those boulders basically wiped out

all of the trees that were on this slope.

And this talus slope leads right down to the floor

of Yosemite Valley

and just beyond the edge of the talus slope

is the Ahwahnee Hotel.

If these rockfalls were occurring in a remote valley,

they would be of scientific interest only,

but because these rockfalls are occurring in Yosemite Valley,

a narrow Valley with nearly four million visitors a year,

they are more than a spectacular natural process.

Depending on where and when a rockfall occurs,

it can have potentially serious consequences.

In 1971 and 1972, there were two large rockfalls

that came off the face of Elephant Rock.

This was the impact area for the March 1987

Middle Brother Rockfall.

This is the impact area for the July 10, 1996

Happy Isles Rockfall.

This boulder here that I'm standing on,

roughly a 400-ton boulder

that came down in October of 2008.

So this boulder here is an old rockfall boulder,

and you can tell that

this is an old rockfall boulder because

it's covered in lichen and moss,

it's not a fresh boulder.

Now, in contrast, this boulder here is fresh,

it has no moss or lichen growing on it.

And this boulder is just like those other boulders

that came down from earlier rockfalls,

the difference is, when this boulder came down

in October of 2008,

these structures were here in Curry Village

and the consequences of that are obvious.

A scary situation hitting visitors at Yosemite today,

for the second time in as many days,

a rockslide has hit the Park's Curry Village area.

We are getting some eyewitness accounts of that rockslide

that hit this morning, sending people running

and crying in fear,

and there are some unconfirmed reports

of injuries in that area.

Now, we have some pictures from KCRA 3,

LiveCopter 3 HD was over the scene of that rockslide

this morning that took place at about 7 o'clock.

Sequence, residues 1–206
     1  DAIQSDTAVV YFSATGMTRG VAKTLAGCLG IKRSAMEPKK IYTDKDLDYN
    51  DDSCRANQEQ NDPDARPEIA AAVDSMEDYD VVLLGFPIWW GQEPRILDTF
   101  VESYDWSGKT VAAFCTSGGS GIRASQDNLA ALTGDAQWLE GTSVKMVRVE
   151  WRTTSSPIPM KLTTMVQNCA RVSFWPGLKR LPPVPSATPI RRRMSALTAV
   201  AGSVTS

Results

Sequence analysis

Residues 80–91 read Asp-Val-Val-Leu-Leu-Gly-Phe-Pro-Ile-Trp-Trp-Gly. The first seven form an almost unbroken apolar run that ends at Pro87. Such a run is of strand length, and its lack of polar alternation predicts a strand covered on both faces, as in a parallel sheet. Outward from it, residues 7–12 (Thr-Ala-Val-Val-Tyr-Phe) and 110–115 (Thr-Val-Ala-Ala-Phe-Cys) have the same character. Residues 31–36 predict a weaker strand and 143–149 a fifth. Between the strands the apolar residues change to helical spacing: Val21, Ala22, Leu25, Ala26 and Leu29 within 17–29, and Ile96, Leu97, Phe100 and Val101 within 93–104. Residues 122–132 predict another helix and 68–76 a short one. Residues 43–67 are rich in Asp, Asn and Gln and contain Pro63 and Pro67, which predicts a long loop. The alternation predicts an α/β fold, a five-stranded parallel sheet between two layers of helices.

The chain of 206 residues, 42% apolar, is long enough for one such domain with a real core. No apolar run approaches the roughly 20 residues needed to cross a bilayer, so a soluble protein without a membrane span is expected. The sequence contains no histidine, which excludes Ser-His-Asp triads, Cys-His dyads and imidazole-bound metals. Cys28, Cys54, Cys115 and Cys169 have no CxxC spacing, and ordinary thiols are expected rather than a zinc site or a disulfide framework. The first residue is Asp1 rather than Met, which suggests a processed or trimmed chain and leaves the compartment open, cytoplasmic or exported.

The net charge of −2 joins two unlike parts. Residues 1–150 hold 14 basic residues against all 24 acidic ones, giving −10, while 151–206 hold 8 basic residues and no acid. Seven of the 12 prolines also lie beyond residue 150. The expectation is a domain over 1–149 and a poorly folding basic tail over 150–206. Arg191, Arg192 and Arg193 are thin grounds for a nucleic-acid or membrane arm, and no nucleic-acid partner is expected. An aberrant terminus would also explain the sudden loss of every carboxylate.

Our primary concern is saving people's lives.

15 people have died from rockfalls

in Yosemite National Park in the last 150 years,

and that's not an insignificant number,

it is much smaller than the number of people

that have died in Yosemite streams and rivers,

and it's certainly much smaller

than the number of people that have died in traffic accidents.

But one big rockfall at the wrong place

the wrong time could dramatically increase

that number and that's why we are focusing on

learning everything we can about rockfalls,

using laser scanning, computer modeling,

monitoring of the cliffs.

But the scope of trying to understand

all of these complexities

and all of these different rock faces,

to a point where we can start to predict rockfalls,

is going to be really challenging.

Predicting rockfalls is a very difficult scientific question

to go after, it's similar to predicting earthquakes.

Rockfalls can happen anytime

and so we're interested in determining

how often and when and potentially where.

So much of what we know of the Yosemite landscape;

the iconic cliffs of El Capitan and Half Dome,

the forest at talus slopes,

the big boulders out in the floor of the Valley,

all these features owe their existence to rockfalls,

rockfalls have been occurring in Yosemite for thousands of years

and they will continue for thousands more.

The Description of Yosemite Nature Notes - 10 - Rock Fall